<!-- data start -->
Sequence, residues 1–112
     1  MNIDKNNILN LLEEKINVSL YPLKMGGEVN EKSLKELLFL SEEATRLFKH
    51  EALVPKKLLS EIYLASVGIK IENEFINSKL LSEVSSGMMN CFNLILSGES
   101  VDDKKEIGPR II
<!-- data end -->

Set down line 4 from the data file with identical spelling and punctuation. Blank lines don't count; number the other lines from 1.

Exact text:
   101  VDDKKEIGPR II